"Strong legs 'help the brain resist the effects of ageing','' the Mail Online reports. A study that tracked 324 female twins (162 sets) over 10 years found an association between leg strength and cognitive ability, measured through memory testing and brain scans.
The study recruited twins aged 43 to 73 in 1999 and measured their physical fitness using a piece of gym equipment, similar to an exercise bike, to measure the power in their thigh muscles. The women also performed memory tests and completed questionnaires on their usual physical activity level, current health, and lifestyle factors.
After 10 years, they completed another set of memory tests. Some of the twins were also given MRI brain scans to check for changes in the structure in the brain associated with cognitive decline.
The study found women with stronger leg extension had less age-related change in brain function and structure 10 years later, after taking into account their age, lifestyle and other risk factors.
While this is an interesting finding, it is not possible to say less physical strength caused the brain to decline or vice versa. Women with a more active brain may have been more likely to take part in physical exercise.
That said, the study is further evidence of the numerous benefits of physical activity, especially in older women, who may experience weakening of the bones as a result of the effects of the menopause.
Read more about the importance of bone health.
The study was carried out by researchers from King's College London and was funded by the Wellcome Trust and the National Institute for Health Research (NIHR). There were no reported conflicts of interest.
The UK media reported on the study both accurately and responsibly. However, some of the study's limitations were not highlighted.
The BBC quoted the director of research at the Alzheimer's Society, Dr Doug Brown, who said that although "the findings added to the growing evidence that physical activity could help look after the brain as well as the body … we have yet to see if the improvements in memory tests actually translate into a reduced risk of dementia".
This was a cohort study that aimed to assess if muscle fitness (measured by leg power) could predict cognitive change in healthy females over a period of 10 years. It also assessed if leg power was predictive of differences in brain structure and function after 12 years of follow-up in identical twins.
Twin studies like this are useful as they can take into account shared genetic and environmental factors. However, as the study design is observational in nature, we cannot draw firm conclusions on the causality as more than one factor may be responsible for the observed outcomes.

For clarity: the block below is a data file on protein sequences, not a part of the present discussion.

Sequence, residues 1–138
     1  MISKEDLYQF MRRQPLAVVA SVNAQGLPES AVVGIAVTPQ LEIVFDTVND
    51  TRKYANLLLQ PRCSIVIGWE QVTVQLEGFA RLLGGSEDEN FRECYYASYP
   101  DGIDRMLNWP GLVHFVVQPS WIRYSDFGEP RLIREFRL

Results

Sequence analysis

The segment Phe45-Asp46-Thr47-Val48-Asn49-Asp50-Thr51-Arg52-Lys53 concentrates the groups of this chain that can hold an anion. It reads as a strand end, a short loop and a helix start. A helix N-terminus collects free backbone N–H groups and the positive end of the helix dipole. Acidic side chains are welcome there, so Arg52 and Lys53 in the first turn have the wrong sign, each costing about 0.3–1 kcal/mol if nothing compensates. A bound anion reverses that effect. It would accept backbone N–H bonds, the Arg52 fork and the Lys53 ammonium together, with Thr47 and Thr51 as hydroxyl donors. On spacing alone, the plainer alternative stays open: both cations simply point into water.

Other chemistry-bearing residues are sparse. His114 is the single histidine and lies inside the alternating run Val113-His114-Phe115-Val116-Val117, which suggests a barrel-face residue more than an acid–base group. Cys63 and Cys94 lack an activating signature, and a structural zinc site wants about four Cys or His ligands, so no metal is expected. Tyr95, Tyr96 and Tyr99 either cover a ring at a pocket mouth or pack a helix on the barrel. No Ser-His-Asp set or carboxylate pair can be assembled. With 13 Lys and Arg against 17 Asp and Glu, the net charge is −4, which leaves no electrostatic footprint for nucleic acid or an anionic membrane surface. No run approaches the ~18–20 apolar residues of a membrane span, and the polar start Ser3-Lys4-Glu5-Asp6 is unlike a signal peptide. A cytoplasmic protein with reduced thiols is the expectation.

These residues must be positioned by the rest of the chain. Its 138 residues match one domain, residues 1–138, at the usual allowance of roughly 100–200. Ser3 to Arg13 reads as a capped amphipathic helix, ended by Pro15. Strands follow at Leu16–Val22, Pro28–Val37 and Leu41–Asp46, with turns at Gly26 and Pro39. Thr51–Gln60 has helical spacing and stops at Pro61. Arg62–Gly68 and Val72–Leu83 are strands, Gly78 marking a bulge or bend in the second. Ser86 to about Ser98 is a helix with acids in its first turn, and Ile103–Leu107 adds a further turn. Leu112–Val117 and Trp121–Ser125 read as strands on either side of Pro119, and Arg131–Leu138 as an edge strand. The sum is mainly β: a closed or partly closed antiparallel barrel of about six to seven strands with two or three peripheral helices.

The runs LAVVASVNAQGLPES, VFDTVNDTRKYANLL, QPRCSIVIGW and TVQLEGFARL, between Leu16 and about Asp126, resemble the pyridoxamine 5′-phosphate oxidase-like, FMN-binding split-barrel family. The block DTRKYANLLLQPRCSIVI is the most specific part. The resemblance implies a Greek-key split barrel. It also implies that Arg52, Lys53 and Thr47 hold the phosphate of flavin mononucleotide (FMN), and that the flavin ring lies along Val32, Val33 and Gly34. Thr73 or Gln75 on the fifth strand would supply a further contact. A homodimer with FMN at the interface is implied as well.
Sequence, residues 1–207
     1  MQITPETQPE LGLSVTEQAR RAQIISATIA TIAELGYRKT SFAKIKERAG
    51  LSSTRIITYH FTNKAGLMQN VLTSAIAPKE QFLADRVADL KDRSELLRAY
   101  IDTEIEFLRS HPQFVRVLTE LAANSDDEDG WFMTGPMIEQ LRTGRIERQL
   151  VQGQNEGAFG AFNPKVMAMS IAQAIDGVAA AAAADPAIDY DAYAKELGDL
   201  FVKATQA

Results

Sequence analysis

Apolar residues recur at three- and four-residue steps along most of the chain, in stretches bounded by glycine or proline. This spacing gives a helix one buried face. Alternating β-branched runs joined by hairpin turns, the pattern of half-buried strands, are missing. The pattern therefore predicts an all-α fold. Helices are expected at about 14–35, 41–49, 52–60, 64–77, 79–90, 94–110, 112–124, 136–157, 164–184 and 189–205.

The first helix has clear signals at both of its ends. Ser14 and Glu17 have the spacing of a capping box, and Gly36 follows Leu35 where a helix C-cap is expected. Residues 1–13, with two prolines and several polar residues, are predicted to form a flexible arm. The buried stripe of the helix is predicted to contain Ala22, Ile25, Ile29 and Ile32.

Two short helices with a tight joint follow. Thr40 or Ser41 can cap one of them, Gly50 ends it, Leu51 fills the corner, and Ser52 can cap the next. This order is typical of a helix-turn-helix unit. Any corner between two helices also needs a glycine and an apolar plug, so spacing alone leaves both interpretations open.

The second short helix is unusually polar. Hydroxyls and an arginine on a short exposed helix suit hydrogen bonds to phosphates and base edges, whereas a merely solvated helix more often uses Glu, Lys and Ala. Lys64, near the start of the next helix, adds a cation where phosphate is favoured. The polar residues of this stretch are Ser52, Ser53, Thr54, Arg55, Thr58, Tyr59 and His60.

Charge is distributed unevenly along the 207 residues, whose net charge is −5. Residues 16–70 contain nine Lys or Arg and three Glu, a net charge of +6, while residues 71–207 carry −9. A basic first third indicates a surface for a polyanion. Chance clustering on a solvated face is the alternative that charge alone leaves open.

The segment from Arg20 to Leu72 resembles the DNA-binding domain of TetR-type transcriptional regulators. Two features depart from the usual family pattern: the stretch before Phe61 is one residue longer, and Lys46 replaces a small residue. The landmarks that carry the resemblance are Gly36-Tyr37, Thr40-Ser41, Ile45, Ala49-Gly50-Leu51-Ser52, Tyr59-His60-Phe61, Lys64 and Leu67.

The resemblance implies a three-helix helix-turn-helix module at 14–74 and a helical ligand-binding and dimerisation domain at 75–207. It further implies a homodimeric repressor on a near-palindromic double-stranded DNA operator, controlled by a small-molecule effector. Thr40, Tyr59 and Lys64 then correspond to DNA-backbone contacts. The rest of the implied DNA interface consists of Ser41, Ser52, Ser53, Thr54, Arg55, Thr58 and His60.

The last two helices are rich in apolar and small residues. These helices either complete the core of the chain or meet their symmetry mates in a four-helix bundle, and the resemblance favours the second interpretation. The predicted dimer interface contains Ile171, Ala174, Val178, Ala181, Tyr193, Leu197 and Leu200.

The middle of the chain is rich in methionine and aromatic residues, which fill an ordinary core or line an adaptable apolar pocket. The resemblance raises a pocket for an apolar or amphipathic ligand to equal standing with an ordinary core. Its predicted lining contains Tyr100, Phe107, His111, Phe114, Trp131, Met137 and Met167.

This study included 324 female twins from the UK. The study participants were selected from the TwinsUK volunteer registry, which was originally set up to study ageing in women.
The participants' muscular fitness was estimated based on the strength of the leg extensor muscles (thigh muscles) in 1999. This was done by a trained research nurse using the Leg Extensor Power Rig machine. The machine, similar to an exercise bike, measures leg explosive power by measuring the force and velocity a participant uses when they push down on a pedal.
Participants sat on this machine with their legs slightly bent. The activity leg was then placed on a pedal and they were asked to push the pedal as fast and hard as possible to full extension, "as if performing an emergency stop in a car".
Other measurements and tests included:
Participants were then asked to fill in a questionnaire, which included:
To estimate age-related cognitive changes, study participants underwent a computerised test (CANTAB) once in 1999 and again in 2009. This test is particularly known to be sensitive to age, and measures memory and processing speed of the brain.
Twenty pairs of identical twins underwent MRI brain scans 12 years after the start of the study. The scans were used to look at the amount of grey matter (tissue made up of nerve cells) in two regions of the brain associated with cognitive ability: the medial temporal lobe and the middle frontal gyrus.
After adjusting for age, lifestyle and psychological factors, both physical activity and leg extensor power had statistically significant protective effects on age-related cognition over a period of 10 years.
Overall, twins who were stronger at the beginning of the study had significantly less deterioration in cognition than their weaker sisters.
The brain scans of identical twins found those with stronger leg extensor power at the beginning of the study had more total grey matter 12 years later than those with weaker power.
Researchers concluded by saying the study "found that greater muscular fitness – as measured by leg power – is associated with improved cognitive ageing over the subsequent 10 years in non-impaired community living women".
This study of 324 female twins from the UK found a positive association between leg extensor power and age-related cognitive activity.
As it was a cohort study, it is not possible to say that increased muscular strength prevented decline in mental ability, as other related or unrelated factors could have played a part.
That said, the researchers did try to account for many of these factors, such as:
The finding that women with stronger legs had more grey matter on the MRI scans should also be interpreted with caution. The MRI scans were only taken at one time point, so we do not know whether the amount of grey matter had changed over the course of the study. Additionally, they were only performed on a small subset of 20 identical twins.
Other limitations of the study include:
Regardless of these limitations, the beneficial impacts of daily physical activity are well known.
Find out the government guidelines for physical activity for your age group.